The buzz about Ballard Bee Company

Corky Luster always has projects going. Last year when his beehives did especially well, he decided to create the Ballard Bee Company and market honey. “I thought I would bottle it and start selling it,” Luster said.

Luster’s first sale was to Anne Catherine Kruger, chef and owner of A Caprice Kitchen. He was walking his dog by her restaurant one day and thought, “I’ve got to sell it to somebody.”

For the label, Luster “wanted something with a little more edge,” and avoided the typical country theme. Photo by Emily Fairbrook.

“It was so fortuitous. It just worked out,” Luster said. “She gave me the courage and positive energy to keep selling.” Kruger’s restaurant uses fresh and local foods, so when she discovered the Ballard Bee Company was within five miles she immediately got excited. “I think it’s really important to support other small businesses and farms,” said Kruger. “I can really tell the difference. The ingredients just shine all by themselves.” A Caprice Kitchen is located at 15th Avenue Northwest on Northwest 70th Street.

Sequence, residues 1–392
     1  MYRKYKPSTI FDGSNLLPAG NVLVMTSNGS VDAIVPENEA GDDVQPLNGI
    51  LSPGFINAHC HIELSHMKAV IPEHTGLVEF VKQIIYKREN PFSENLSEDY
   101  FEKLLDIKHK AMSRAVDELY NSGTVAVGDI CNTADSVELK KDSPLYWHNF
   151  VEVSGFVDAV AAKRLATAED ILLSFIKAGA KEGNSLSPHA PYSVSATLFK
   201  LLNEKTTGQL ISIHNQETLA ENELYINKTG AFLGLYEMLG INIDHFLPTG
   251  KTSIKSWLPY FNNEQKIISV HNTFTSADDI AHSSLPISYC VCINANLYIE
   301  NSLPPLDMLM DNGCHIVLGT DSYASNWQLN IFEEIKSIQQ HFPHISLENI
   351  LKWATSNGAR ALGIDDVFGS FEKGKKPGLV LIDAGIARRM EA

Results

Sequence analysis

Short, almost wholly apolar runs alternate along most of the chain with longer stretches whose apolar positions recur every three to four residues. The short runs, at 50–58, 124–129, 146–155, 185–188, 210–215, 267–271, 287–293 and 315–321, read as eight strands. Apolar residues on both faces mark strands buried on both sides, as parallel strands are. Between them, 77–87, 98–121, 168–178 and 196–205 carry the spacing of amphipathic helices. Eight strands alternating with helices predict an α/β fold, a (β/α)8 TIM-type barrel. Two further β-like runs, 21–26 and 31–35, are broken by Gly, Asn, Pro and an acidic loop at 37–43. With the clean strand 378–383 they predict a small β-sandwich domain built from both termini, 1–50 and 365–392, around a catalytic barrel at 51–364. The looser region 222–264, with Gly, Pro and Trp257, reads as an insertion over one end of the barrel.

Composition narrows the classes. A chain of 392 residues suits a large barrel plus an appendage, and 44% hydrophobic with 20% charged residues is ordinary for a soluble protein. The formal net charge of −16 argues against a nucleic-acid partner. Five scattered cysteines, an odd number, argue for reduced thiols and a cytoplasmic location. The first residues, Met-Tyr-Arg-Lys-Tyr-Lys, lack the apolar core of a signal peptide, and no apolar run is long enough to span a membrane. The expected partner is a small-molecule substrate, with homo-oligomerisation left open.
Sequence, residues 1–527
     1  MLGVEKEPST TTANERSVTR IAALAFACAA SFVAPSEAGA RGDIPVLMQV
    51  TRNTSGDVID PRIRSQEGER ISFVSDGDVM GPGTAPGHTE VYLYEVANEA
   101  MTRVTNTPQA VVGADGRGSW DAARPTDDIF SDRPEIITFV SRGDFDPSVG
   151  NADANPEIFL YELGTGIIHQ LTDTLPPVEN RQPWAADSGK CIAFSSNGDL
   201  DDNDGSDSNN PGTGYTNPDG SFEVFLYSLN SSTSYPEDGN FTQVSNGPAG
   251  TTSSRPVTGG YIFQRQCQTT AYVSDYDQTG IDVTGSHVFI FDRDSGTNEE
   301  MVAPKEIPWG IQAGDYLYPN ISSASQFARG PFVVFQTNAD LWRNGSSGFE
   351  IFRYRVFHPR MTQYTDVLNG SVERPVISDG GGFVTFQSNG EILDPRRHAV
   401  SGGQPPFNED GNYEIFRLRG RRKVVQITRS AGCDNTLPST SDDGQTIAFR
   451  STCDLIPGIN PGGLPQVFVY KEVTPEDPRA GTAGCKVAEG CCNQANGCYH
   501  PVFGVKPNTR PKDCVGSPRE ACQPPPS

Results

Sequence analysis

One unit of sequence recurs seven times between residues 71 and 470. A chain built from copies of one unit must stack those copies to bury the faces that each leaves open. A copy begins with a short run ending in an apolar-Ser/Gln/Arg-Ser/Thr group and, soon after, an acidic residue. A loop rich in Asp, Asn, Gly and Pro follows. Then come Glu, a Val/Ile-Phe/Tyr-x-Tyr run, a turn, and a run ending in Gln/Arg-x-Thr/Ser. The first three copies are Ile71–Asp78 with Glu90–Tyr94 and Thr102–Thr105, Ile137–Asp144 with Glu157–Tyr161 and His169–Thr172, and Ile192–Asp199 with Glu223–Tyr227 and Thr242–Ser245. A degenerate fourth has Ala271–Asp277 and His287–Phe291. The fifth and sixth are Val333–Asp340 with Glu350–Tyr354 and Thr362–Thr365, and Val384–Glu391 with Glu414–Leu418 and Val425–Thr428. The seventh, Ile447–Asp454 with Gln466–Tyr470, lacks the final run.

Recently, Luster’s honey has become so popular he’s had to turn down interested stores. Luster is selective because he harvests just once a year but supplies stores and restaurants year-round. “No big stores,” said Luster. “I want [Ballard Bee Company honey in] specialty boutique stores and places I go to. I want to support them.”

However, Luster plans on expanding. He’s building new hives and expects to have 40 this summer. He’s also planning on marketing comb honey in addition to extracted honey. “It’s going to be a big product next year,” Luster said in reference to comb honey. To get around having more than four hives — the legal limit for one yard in the city — Luster places hives in other people’s yards.

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